The world of Teana is comprised of a series of islands, which are mostly divided among the various races. There are dwarf islands, undead islands, islands of human troops, and a demon island. While the troop availability and enemy composition is randomly generated with each new game, players can generally expect to find the troops usually match the lands currently being visited. Islands can only be accesses once Amelie gains the proper navigational chart, most of which are guarded by particularly powerful stacks of enemies. There is a cheesy (or, perhaps, “tactically sound”) way for players to “kite” the chart guardians away from their posts, allowing players to gain access to islands much more quickly than would otherwise be possible. In fact, much of the game can be spent in real-time, dodging enemies and gaining the valuable items found lying about the maps. Of course Ameile doesn’t gain much experience this way, but she can become quite powerful early on, allowing her to return to low-level islands and clean house. Besides running about the map on trusty steed or ship, after completing a certain quest near the midpoint of the game, Amelie’s horse gains the ability to take to the air. This allows players to more readily skirt about the islands, grabbing treasures while dodging enemies. The winged horse is a nice touch to the series, and it really changes the way exploring is done.
Like in The Legend, troops for sale in Armored Princess don’ t replenish often, if at all. Combined with the completely random distribution of troops in the game, this can mean that players may never find enough of a favorite troop in a given playthrough. And even if the troops can be acquired, the best troops are often in extremely limited supply, so losing even a few units during a given battle can be devastating. Items and spells, like troops, are also randomly generated each game, so players cannot be guaranteed to find that favorite spell or complete that set of items each game. This can mean a very different play each time through, especially if players come to rely on a given spell combination that may never even come to be discovered. Some people will find this a bit of a put-off, but I find it makes me try out new troop, spell, and item combination strategies.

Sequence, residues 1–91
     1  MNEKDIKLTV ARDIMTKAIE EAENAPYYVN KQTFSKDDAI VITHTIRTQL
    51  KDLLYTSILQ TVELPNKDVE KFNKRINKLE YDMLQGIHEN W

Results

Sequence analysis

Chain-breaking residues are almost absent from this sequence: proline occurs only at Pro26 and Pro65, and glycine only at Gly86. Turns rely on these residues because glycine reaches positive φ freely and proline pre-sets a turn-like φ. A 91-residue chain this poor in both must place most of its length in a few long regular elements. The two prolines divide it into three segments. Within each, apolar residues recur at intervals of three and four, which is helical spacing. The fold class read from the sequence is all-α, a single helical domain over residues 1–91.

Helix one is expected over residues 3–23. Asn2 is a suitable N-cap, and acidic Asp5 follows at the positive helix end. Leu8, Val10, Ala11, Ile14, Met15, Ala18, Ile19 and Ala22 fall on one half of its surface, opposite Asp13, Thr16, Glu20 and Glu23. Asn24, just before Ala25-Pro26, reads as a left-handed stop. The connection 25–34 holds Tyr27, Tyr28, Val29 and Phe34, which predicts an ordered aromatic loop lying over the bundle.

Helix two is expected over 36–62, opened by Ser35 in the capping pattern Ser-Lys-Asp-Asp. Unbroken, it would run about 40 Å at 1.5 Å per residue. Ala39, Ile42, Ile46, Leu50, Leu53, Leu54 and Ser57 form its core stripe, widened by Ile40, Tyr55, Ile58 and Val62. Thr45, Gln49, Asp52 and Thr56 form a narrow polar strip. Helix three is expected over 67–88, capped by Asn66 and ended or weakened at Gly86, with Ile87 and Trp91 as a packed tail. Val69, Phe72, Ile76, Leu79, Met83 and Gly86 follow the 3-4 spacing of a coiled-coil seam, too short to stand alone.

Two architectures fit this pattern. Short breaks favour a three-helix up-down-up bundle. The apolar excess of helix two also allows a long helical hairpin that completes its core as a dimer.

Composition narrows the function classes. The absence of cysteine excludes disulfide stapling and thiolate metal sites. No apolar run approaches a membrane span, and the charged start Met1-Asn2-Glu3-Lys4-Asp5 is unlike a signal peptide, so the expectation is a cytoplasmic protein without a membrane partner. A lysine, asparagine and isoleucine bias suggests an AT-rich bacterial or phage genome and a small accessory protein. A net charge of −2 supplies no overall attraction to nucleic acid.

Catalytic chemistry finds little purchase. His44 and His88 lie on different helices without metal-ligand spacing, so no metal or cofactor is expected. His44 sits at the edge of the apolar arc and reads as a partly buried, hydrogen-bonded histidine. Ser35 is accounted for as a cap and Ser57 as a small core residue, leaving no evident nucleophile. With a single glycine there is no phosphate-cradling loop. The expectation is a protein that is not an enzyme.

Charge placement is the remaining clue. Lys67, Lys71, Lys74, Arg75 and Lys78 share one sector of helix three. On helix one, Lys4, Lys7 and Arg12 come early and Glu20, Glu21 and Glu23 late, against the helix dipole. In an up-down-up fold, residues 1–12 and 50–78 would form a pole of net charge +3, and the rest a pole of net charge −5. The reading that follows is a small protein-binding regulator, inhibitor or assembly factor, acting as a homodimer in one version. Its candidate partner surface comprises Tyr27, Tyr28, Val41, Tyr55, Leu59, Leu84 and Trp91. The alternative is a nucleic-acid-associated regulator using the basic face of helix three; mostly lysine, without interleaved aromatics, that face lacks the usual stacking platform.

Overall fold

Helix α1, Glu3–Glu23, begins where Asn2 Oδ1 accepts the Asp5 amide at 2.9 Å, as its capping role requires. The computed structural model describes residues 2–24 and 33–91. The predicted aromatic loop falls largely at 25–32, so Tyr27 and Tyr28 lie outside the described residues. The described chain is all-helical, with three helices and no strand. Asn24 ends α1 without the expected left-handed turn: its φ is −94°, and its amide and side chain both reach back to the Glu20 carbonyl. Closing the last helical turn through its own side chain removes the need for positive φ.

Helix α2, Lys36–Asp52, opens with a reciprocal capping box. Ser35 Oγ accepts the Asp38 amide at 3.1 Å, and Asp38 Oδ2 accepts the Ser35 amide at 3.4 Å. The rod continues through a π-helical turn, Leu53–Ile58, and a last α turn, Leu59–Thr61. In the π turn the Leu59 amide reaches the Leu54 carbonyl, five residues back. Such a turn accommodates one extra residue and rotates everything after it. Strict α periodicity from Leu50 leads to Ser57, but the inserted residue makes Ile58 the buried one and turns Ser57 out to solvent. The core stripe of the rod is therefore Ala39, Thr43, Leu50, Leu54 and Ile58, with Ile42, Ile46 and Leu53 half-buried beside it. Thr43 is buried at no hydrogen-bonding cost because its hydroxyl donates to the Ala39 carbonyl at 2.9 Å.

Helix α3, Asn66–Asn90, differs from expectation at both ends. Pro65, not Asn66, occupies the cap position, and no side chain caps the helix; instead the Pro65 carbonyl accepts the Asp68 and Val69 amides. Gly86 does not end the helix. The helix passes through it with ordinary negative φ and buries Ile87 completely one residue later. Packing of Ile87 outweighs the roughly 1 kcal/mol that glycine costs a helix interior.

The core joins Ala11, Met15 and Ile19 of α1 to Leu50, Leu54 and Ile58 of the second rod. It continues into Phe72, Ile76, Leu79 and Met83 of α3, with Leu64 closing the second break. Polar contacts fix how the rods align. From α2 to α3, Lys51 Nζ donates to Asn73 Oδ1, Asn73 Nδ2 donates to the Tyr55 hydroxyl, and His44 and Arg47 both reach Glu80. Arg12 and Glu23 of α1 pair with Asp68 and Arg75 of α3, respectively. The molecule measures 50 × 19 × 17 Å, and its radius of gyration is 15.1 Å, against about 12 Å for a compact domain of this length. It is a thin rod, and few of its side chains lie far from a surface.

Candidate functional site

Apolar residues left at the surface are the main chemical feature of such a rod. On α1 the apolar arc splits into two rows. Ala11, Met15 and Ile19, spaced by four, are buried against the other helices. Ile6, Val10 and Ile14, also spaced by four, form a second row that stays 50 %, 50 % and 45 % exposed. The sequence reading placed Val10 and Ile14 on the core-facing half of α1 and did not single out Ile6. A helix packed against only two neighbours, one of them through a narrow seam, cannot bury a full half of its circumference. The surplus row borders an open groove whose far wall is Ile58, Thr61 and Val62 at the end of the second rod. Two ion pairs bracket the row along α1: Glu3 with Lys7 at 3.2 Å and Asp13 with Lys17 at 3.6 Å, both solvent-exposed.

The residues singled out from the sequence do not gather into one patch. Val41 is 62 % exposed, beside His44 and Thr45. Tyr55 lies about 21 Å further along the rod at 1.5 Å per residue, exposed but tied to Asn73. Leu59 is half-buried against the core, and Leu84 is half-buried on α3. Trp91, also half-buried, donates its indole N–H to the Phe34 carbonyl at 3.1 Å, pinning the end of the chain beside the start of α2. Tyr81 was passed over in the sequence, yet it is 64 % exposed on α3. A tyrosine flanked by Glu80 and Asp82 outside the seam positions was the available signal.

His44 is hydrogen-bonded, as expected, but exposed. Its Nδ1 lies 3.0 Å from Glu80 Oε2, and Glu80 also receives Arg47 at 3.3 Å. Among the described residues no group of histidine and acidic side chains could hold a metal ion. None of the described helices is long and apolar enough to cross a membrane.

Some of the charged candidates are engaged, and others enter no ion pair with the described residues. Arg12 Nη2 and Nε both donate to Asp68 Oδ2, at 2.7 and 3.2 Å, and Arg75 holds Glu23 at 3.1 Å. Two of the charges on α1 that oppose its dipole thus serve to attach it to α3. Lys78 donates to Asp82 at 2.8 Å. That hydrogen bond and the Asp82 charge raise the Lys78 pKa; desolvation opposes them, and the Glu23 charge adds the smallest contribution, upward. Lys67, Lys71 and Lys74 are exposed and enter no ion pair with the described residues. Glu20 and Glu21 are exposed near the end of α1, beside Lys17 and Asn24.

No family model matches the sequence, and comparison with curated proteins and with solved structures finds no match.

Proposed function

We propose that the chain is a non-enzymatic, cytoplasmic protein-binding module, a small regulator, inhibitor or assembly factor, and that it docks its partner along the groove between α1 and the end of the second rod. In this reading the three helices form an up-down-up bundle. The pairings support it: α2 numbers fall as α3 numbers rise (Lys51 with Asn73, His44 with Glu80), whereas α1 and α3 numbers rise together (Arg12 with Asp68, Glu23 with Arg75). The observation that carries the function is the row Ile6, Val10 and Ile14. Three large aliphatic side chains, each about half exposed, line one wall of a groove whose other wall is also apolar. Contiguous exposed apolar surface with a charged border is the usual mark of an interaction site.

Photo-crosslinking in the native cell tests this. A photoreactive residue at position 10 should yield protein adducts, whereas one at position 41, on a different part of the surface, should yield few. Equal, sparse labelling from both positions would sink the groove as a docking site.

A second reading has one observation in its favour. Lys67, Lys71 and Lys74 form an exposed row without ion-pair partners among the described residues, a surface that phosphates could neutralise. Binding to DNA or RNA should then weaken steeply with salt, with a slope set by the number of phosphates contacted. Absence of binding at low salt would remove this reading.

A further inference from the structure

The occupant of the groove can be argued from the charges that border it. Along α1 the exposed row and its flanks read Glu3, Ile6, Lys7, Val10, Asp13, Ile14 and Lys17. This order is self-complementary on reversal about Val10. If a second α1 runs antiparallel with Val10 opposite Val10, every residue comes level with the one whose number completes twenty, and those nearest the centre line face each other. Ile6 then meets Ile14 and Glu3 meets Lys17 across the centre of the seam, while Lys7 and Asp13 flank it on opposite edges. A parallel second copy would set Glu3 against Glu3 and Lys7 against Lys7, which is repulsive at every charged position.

King’s Bounty: Armored Princess looks and controls exactly like the original, for better or worse. I like the style and feel of the series, and I easily fell right in to playing off the bat. That being said, it certainly isn’t necessary to have played the original to enjoy the expansion, which is in many ways a little better polished. And while I found a great deal of enjoyment out of Armored Princess, the expansion doesn’t bring enough to the table to make those who didn’t quite like the original to change their minds. That being said, I find myself still playing new combinations of troops and classes, and having quite a blast doing so. All in all, King’s Bounty: Armored Princess is a solid title for fans of the original, and a fun romp for turn-based fantasy enthusiasts.
A solid standalone expansion to one of my favorite time-sinks, Armored Princess has enough new goodies and little bits of polish to make for quite an enjoyable time.
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